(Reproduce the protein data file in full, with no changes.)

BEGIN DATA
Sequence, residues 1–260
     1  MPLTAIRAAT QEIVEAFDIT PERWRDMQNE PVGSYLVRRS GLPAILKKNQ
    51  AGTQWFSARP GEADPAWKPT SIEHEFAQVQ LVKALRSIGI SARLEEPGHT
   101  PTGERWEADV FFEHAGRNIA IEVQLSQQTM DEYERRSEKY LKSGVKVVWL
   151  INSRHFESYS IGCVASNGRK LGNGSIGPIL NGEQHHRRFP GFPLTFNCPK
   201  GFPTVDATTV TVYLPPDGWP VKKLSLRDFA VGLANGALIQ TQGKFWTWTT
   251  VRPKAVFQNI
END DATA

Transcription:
Sequence, residues 1–260
     1  MPLTAIRAAT QEIVEAFDIT PERWRDMQNE PVGSYLVRRS GLPAILKKNQ
    51  AGTQWFSARP GEADPAWKPT SIEHEFAQVQ LVKALRSIGI SARLEEPGHT
   101  PTGERWEADV FFEHAGRNIA IEVQLSQQTM DEYERRSEKY LKSGVKVVWL
   151  INSRHFESYS IGCVASNGRK LGNGSIGPIL NGEQHHRRFP GFPLTFNCPK
   201  GFPTVDATTV TVYLPPDGWP VKKLSLRDFA VGLANGALIQ TQGKFWTWTT
   251  VRPKAVFQNI